Common language can bilk consumer

Your Money

July 02, 2006|By ANDREW LECKEY | ANDREW LECKEY,TRIBUNE MEDIA SERVICES

I speak your language. Now, may I rip you off?"

Everyone appreciates a familiar face or voice, especially in new surroundings. The only problem is familiarity can breed fraud.

Immigrants long have been welcomed upon entering the United States by those who communicated with them in their native tongue. It might have been a distant cousin, someone from the same city in the old country or a local company wanting to do business.

Such bonding is understandable and helps a successful transition.

Unfortunately, there are always financial sharks. In the film Godfather II, the young Don Corleone set up shop within New York's Italian immigrant community to obtain its members' hard-earned dollars in return for his protection. Some businesspeople with no ties to a community at all simply set out to cheat immigrants by speaking their language.

Recently, Spanish-speaking people have been a primary target of financial con artists. A study by the Federal Trade Commission found Latinos are twice as likely as any other group to be victims of consumer fraud.

In recent months, the FTC has halted the dissemination for a fee of a phony preapproved, guaranteed MasterCard that was offered in Spanish; stopped a mortgage broker who gave Spanish-speaking customers an oral agreement that differed from the actual document in English; and chided television and radio stations that ran certain Spanish-language ads that were deceptive.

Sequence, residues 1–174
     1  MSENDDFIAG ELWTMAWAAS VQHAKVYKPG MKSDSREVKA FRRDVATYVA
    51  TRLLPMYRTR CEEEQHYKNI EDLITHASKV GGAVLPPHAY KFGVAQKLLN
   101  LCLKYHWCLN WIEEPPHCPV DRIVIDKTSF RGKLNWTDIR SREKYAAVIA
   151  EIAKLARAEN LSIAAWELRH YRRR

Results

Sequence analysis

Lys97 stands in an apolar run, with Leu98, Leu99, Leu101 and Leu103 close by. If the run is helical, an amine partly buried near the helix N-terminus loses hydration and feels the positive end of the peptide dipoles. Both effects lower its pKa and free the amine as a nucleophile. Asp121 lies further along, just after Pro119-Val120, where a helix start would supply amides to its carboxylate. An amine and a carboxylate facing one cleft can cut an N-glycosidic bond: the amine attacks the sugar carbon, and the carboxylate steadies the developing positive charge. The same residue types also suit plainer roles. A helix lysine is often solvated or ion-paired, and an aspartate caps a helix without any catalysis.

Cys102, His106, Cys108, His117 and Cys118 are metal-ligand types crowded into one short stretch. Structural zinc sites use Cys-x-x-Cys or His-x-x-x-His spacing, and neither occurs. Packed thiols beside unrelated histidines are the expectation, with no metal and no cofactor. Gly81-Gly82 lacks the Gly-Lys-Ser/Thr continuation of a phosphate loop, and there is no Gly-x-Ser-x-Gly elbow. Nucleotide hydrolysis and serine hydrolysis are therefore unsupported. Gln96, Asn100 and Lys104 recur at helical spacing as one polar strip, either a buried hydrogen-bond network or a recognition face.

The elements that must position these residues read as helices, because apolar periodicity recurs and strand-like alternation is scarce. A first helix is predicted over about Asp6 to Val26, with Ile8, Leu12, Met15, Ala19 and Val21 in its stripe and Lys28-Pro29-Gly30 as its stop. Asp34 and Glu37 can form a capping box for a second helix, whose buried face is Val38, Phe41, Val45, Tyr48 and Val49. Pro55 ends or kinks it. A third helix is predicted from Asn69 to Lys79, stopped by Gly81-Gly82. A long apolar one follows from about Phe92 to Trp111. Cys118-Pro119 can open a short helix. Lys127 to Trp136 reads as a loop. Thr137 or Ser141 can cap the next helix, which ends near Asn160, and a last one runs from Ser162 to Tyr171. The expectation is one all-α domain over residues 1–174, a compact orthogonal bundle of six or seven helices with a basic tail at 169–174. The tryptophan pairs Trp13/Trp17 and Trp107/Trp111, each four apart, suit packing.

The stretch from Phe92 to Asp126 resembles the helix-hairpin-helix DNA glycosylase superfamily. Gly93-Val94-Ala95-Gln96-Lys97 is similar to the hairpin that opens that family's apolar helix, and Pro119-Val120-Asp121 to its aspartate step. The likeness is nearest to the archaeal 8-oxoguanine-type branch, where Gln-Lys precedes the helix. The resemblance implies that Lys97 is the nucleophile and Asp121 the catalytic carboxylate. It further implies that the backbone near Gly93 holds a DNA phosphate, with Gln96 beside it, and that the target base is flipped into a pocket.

State attorneys general and consumer departments have taken legal action and made settlements with various car dealers, mortgage lenders, apartment rental firms and repair companies that advertised in Spanish and then bilked customers.

The victims trusted those who spoke their language. In some cases the crooks hoped immigration issues might block some of the non-English-speaking victims from reporting that a crime had been committed.

Those who prey on non-English-speakers are the same criminals who take advantage of senior citizens and the disadvantaged. They should be subjected to aggressive prosecution. The FTC has joined with the U.S. attorney's office and U.S. Postal Inspection Service not only in legal action but also to hold forums for Latinos on potential fraud they may encounter.

This problem points out the importance of community education about financial issues, as well as the fact that anyone who doesn't develop a rudimentary understanding of the laws of their new country will inevitably be a prime target for crooks. Finally, it should remind everyone that no one is your friend simply because he speaks your language.

Andrew Leckey is a Tribune Media Services columnist.

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